Check out these important pieces of advice from Jay, our Student Content Creator, about writing a dissertation!
In many ways, writing a dissertation is similar to running a marathon. It’s a long and tiring journey and, just as you have to train and prepare for a marathon, a dissertation requires the same. For that reason, I’ve put together some important pieces of advice I’ve gathered throughout writing my dissertation, in the hope of helping someone writing their dissertation in the future. If you follow this advice from the start of your project, I can promise that crossing the dissertation ‘finish line’ will be that bit easier.
Starting your dissertation early will, in fact, help you in the long run. Admittedly, this is the most obvious tip that you could be given, and it’s something you’ll hear from every member of staff you come into contact with. However, as a student, I know that it’s all too easy to push off starting a deadline, especially one that seems so far in the future. You might even think that your lecturers are exaggerating when they say the sooner the better.
As a student, I can promise you that starting early does help. I pushed off my dissertation start date by just a few weeks and that’s something I’ve come to regret. In the initial stage of your dissertation, the most important thing you can do is narrow down a specific topic. The sooner you do this, the better your life will be. I know how unappealing it seems to think about your dissertation over summer, but make time to look through past modules’ work to find what interested you, have a search from the library website, and you’ll thank yourself later.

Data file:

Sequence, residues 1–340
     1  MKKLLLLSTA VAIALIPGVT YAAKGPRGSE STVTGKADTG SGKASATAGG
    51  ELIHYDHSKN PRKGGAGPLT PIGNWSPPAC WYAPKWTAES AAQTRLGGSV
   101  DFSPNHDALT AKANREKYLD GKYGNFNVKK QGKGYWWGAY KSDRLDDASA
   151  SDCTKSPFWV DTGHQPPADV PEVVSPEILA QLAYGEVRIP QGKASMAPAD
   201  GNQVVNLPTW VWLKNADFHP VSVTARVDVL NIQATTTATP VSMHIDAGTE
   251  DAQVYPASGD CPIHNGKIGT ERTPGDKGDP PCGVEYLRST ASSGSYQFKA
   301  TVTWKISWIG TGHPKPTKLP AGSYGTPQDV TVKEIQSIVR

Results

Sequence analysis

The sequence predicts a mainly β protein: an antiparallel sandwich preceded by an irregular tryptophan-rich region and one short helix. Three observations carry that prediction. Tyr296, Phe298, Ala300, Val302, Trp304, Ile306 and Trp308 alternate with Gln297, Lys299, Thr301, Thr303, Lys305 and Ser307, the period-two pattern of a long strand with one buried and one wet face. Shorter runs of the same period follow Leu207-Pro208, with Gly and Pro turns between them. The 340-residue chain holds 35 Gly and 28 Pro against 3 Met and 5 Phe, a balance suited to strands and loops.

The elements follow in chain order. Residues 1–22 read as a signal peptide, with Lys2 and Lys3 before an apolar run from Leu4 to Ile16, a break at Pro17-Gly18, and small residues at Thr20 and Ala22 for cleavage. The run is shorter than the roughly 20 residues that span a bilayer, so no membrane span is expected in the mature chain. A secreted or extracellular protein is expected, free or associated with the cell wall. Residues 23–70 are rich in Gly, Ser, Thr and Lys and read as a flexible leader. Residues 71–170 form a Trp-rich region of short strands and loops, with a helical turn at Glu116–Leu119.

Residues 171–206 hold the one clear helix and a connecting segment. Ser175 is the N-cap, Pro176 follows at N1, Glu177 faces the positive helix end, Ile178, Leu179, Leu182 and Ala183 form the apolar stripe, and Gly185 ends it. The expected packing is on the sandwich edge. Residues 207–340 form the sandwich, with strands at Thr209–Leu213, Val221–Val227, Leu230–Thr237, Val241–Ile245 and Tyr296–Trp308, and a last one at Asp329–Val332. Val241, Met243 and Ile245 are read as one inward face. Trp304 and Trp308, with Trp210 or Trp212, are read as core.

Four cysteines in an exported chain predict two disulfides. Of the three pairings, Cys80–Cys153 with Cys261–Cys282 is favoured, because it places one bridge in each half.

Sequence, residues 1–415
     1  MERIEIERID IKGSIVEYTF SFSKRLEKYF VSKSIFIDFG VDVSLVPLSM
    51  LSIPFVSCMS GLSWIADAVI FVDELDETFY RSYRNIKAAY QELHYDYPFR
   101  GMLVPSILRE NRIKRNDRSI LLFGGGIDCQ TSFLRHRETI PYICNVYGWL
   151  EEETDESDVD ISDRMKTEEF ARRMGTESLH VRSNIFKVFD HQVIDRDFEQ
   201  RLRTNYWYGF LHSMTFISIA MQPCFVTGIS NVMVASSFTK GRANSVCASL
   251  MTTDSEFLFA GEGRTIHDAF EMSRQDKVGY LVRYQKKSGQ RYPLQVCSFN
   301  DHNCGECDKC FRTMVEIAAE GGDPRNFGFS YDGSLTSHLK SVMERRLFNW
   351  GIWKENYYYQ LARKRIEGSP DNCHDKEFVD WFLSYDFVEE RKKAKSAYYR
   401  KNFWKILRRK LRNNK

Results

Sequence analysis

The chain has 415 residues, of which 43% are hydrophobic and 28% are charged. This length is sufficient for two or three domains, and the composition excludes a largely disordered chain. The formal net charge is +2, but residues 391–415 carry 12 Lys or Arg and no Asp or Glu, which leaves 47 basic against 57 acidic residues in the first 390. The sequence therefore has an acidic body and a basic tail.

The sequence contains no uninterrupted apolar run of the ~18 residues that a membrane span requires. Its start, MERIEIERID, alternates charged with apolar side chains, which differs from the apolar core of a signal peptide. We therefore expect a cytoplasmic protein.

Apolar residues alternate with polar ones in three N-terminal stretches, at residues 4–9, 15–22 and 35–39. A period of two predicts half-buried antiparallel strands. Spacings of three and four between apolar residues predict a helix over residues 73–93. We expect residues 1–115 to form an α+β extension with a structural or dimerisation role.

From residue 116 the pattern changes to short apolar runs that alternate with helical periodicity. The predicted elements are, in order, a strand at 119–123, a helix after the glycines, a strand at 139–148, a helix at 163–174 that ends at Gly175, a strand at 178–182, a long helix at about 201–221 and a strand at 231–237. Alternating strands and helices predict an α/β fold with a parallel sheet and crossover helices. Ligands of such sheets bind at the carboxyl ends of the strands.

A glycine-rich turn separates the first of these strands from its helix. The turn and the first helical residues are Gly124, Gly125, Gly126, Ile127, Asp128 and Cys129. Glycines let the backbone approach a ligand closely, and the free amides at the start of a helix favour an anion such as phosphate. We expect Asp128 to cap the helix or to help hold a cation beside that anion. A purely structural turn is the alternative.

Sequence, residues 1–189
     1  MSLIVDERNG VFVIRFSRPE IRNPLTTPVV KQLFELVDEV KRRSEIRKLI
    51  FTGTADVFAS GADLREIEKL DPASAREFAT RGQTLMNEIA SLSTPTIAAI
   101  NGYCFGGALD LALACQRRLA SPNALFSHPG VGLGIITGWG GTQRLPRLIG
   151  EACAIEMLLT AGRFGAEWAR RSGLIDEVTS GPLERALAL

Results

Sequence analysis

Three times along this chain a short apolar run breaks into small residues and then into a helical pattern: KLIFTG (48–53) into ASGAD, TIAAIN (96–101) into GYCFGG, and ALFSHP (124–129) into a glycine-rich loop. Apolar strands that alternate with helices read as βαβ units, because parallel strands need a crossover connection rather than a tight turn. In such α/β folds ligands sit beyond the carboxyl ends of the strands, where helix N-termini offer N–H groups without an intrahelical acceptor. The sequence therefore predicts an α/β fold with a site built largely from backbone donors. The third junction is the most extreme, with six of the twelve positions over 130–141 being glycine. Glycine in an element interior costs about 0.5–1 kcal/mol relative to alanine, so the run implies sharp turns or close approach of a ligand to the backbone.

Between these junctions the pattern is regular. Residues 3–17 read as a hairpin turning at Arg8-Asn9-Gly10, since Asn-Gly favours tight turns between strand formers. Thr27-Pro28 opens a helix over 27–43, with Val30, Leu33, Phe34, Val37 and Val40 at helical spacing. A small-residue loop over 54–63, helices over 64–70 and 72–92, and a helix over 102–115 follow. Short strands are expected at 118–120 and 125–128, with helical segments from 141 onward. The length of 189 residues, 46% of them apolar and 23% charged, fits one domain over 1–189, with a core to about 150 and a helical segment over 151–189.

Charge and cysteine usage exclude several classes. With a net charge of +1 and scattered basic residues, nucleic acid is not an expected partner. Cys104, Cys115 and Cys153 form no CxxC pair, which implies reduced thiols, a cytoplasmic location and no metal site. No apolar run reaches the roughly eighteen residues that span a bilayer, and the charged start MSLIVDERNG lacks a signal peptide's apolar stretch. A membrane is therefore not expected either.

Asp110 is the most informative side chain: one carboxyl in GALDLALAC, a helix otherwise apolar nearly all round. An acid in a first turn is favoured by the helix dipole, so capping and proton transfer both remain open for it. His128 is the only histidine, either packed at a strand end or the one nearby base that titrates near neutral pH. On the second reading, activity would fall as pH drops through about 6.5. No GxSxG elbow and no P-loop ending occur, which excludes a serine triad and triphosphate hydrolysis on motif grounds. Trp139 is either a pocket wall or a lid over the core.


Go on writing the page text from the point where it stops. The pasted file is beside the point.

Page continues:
Choosing a Topic
As mentioned, choosing your dissertation’s topic is the most important step at the start of your dissertation journey. For the most part, the topic you choose won’t change significantly during the course of your project. That means you’ll be spending the best part of a year studying the same thing – researching, reading, writing, over and over. To save yourself from burning out, it’s essential that you choose your topic carefully.
My top tips for choosing a topic would be the following:
- Make sure you’re interested in what you’re doing. That way, you’ll be more invested in finishing the project than one you picked in a panic or out of convenience.
- Be ambitious, but don’t get too carried away. Your topic should give you plenty to write about, but ensure that you stay within your limits. Some concepts are just too broad to tackle in ten thousand words.
- Find your gap in the research. The best dissertations contribute something unique! Obviously, for undergraduate dissertations, you’re in no way expected to redefine your field of study. But by finding your niche, you can contribute something new, no matter how small!